Recent terror attacks in the United States are far less common than in Europe, and Americans can thank geography and assimilation for that.
There were 100 attacks that killed 97 people in the U.S. in 2015-2016, compared to 604 attacks that claimed 383 victims in Western Europe during the same time period, according to the University of Maryland's Global Terrorism Database.
"There are oceans separating North America from the main conflict zones in the Middle East and Africa," where recent terrorists have been radicalized, said Phil Gurski, a former Canadian intelligence analyst who runs a threat and risk consulting firm. "It is far easier for extremists to get to Italy from Libya than it is for them to go from Libya to Canada or the U.S."
Gurski said it also is possible that "North America has done a much better job at integrating immigrants than governments in Europe. You just need to look at what has happened in some of the so-called (immigrant) ghettos in France, Belgium and the United Kingdom."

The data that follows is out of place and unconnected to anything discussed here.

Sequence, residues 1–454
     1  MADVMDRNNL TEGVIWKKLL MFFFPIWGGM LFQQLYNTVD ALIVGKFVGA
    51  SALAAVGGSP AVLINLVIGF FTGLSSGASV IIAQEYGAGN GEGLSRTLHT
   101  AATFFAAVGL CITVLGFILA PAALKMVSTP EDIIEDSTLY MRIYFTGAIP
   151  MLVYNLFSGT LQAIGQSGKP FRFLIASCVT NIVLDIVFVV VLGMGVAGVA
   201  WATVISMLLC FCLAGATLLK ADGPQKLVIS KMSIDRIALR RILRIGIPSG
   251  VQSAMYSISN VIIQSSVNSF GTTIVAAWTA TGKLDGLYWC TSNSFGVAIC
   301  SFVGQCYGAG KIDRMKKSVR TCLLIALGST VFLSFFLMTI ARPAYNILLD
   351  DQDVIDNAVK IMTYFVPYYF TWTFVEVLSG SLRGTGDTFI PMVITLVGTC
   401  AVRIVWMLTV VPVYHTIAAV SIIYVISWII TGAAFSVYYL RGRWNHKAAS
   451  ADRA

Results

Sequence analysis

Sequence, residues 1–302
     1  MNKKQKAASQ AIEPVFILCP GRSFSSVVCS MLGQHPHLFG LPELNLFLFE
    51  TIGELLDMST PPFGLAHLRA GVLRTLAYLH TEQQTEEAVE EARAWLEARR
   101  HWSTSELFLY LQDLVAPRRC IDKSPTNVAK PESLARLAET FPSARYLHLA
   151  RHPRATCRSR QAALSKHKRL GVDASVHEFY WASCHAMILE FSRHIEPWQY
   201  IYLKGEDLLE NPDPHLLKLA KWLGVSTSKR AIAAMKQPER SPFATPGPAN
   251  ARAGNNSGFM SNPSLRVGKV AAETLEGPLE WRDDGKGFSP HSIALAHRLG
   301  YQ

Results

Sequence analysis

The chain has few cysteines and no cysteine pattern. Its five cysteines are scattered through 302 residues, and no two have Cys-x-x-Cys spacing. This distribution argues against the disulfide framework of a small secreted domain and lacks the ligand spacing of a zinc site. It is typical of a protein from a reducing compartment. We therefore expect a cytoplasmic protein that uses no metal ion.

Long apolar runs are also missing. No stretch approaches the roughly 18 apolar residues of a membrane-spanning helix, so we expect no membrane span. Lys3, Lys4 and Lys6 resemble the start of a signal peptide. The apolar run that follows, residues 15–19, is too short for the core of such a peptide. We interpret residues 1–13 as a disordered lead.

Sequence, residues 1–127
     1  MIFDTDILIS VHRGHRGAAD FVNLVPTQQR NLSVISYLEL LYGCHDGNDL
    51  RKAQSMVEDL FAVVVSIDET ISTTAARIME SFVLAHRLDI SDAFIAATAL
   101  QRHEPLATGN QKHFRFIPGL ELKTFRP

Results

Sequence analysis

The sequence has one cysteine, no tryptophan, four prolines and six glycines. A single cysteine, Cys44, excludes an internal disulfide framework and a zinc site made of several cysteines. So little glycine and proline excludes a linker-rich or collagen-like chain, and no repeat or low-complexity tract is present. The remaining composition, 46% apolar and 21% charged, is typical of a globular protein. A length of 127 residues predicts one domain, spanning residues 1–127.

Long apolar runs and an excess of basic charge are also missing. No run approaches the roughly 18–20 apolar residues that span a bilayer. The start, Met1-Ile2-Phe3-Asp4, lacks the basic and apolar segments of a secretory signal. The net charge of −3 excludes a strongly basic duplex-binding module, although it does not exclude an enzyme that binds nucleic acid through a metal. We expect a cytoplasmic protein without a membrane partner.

So far this year, at least 39 people have been killed in 11 terrorist attacks in Western Europe, compared to five attacks in the U.S. that have caused seven fatalities, according to PeaceTech Lab, a group that analyzes conflict-related data.
Since 1970, there have been more than 16,000 attacks in Western Europe compared to at least 3,200 in North America, according to the Global Terrorism Database.
Terrorist incidents in the U.S. date back to the early 1900s and are motivated by a variety of causes, said Robert Muggah of the Igarapé Institute, a security and development think tank in Brazil.
On Wall Street in 1920, an explosion on the back of a horse-drawn carriage killed 30 people in an attack blamed on anarchists. Six years before the Sept. 11, 2001, attacks by radical Muslims that killed nearly 3,000 people, there was the Oklahoma City truck bombing led by an anti-government fanatic that killed 168 people. It remains the deadliest incident of domestic terrorism in U.S. history.
"There is this perception that terrorism in the U.S. is imported from a small number of Middle East states, when in fact there are an equivalent number of threats emerging from non-Islamic extremists such as right-wing groups and eco (warriors)," Muggah said.